to the NYT articles and letters above…. I respond thusly:
I tend to agree more with the Letters, than with the nyt article and even less so with the report.
I think we have to be very careful about accounting for the cultural institutionalization of learning in China and the U.S. We need to be much more careful than the 29 page report. The report does not do that very well at all, it basically assumes a ‘most similar systems’ model of society and culture to make its comparison. This model is not justified in my mind. The U.S. and China are involved in fundamentally different projects in their educational systems though they have similar goals. Time on task type training, which is ‘efficient’ in China, might not be ‘efficient’ in the U.S. where we likely focus on a different sense of freedom, creativity and progress in learning.
I think it would be far more productive, policy-wise, to actually address the issues within the u.s. in regards to graduation and retention rates. Achievement measurement is grossly affected when there are an overwhelming percentage of people who are being ‘left behind’ or ‘unaddressed’ by the school systems in the u.s. In fact, i think we can probably fairly easily show that the single norm distribution basis for ‘science and math education measurements’ is actually multi-modal and the arguments based on the covering norm are actually hiding very serious social and educational issues. If the needs of the people represented in the lower achieving modes of the population were addressed and they were taught and graduated, I think you would see the measured norm of science and math education change dramatically in the u.s.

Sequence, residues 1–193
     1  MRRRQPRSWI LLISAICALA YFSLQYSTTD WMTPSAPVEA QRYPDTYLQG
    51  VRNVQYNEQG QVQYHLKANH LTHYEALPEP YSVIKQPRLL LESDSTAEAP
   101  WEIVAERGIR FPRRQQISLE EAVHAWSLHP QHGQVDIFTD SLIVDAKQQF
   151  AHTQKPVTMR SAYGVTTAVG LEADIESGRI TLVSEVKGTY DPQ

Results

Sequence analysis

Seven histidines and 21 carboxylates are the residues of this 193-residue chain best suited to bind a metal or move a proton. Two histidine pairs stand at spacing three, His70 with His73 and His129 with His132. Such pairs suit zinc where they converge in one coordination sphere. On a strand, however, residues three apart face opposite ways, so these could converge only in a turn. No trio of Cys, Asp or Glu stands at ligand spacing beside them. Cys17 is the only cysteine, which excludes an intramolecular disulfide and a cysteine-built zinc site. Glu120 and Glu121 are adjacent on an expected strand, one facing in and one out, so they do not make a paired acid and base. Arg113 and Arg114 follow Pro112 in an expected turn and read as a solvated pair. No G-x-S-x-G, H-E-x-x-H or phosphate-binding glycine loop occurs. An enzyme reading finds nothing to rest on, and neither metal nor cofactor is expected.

What then is the real politics and policy behind the report? It seeks to legitimize national standards and national testing, taking away a power that has been relegated to local democracies and replacing it with national bureaucracies. It seeks to remove teacher control of the curriculum. It seems better teaching of teachers (ok, i agree with this one, give us educated and inspired teachers). It seeks to replace the open system of education and admissions with examination based access to education, (given what we know about cultural biases in the sat and act … ), etc. etc. In short, I think what we have is just a document that seeks to expand the currently promoted educational regime, which in the last 7 years or so has demonstrated significant problems addressing the needs of all students in the U.S.